Before you install
Make sure you have a reasonably modern python. pyFF is developed using 3.6 but 3.7 will probably become the norm soon. It is recommended that you install pyFF into a virtualenv
Start by installing some basic OS packages. For a debian/ubuntu install:
# apt-get install build-essential python-dev libxml2-dev libxslt1-dev libyaml-dev
and if you’re on a centos system (or other yum-based systems):
# yum install python-devel libxml2-devel libxslt-devel libyaml-devel # pip install pyyaml # yum install make gcc kernel-devel kernel-headers glibc-headers
If you want to use OS packages instead of python packages from pypi then consider also installing the following packages before you begin:
This method re-uses existing OS-level python packages. This means you’ll have fewer worries keeping your python environment in sync with OS-level libraries.
# apt-get install python-virtualenv # virtualenv python-pyff
Choose this method if you want the OS to keep as many of your packages up to date for you.
This method keeps everything inside your virtualenv. Use this method if you are developing pyFF or want to run multiple python-based applications in parallell without having to worry about conflicts between packages.
# cd $HOME # apt-get install python-virtualenv # virtualenv -p python3 python-pyff --no-site-packages
Choose this method for maximum control - ideal for development setups.
To verify that python 3.6 is the default python in the pyFF environment run
# python --version
The result should be Python 3.6 or later.
To verify that the version of pip you have is the latest run.
# pip install --upgrade pip
Now that you have a virtualenv, its time to install pyFF into it. Start by activating your virtualenv:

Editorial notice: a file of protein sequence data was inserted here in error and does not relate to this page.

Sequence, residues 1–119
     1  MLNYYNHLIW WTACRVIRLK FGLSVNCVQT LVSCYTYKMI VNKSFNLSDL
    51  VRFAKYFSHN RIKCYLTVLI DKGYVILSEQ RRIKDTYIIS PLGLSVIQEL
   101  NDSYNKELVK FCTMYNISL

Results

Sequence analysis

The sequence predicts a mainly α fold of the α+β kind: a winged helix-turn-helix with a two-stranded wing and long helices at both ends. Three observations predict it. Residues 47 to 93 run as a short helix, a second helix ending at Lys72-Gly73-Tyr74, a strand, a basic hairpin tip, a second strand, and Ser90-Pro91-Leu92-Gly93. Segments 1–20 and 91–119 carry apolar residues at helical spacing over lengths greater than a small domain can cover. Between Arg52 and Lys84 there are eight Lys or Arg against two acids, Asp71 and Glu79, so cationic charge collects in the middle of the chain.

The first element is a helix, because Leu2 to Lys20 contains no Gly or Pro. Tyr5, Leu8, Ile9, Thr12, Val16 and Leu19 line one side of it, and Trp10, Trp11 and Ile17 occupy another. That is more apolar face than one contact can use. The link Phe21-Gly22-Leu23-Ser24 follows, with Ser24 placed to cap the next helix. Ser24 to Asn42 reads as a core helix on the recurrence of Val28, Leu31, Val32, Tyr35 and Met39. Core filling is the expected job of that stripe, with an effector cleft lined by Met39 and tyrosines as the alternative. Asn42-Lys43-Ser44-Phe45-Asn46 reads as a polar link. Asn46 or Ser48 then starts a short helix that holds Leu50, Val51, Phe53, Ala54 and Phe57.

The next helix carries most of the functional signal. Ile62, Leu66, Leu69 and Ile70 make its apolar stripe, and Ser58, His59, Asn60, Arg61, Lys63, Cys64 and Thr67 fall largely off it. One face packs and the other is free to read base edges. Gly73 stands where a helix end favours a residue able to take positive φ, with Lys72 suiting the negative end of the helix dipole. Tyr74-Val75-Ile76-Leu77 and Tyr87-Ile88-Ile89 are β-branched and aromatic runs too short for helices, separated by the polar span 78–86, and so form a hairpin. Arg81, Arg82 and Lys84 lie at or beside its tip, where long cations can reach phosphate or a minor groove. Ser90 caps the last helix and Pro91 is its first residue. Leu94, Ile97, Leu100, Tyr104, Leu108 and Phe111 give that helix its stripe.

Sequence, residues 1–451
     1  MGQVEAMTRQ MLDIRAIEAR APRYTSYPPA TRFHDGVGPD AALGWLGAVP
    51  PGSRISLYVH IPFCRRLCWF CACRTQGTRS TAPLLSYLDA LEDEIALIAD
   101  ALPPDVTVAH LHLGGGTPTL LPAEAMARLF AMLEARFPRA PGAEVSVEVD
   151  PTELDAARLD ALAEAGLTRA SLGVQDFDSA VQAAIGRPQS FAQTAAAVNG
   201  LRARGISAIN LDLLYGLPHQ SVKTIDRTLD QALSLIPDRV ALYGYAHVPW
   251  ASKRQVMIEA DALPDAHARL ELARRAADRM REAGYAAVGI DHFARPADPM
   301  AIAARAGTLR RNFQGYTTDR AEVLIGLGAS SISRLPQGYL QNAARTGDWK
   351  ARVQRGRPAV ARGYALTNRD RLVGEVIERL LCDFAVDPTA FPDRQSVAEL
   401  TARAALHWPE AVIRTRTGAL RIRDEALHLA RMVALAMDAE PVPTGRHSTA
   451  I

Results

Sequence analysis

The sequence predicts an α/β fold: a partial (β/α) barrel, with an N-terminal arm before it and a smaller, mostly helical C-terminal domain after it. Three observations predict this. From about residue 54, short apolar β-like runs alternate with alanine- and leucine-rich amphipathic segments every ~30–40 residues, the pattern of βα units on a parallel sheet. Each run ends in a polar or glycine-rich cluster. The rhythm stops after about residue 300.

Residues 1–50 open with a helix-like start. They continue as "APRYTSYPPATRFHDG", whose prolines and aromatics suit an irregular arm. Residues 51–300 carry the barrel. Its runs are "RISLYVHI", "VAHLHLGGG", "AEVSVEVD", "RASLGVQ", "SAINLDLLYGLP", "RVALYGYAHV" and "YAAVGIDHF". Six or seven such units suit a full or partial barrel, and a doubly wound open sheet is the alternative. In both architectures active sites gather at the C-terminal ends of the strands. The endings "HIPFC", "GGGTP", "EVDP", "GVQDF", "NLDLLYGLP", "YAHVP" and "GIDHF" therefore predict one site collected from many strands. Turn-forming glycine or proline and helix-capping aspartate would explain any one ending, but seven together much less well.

# source python-pyff/bin/activate
Next install pyFF:
# cd $HOME # cd pyFF # LANG=en_US.UTF-8 pip install -e .
This will install a bunch of dependencies and compile bindings for both lxml, pyyaml as well as pyXMLSecurity. This may take some time to complete. If there are no errors and if you have the pyff binary in your $PATH you should be done.
# cd $HOME # mkdir pyff-config # cd pyff-config
Unless you’ve made modifications, upgrading should be as simple as running
# source python-pyff/bin/activate # pip install -U pyff
This should bring your virtualenv up to the latest version of pyff and its dependencies. You probably need to restart pyffd manually though.
Now that you hopefully have a working installation of pyFF you are ready to start exploring all the ways pyFF can help you manage metadata. It may be good to go read the Quick Start Instructions now but in general pyFF should be run in the same directory that contains a pipeline in yaml format and depending on the nature of the pipeline additional files may be needed including things like…
A list of metadata URLs.
A set of files containing metadata URLs - eg XRD or MDSL files.
A key and crt signing key pair which can be generated from genkey.sh in the scripts directory.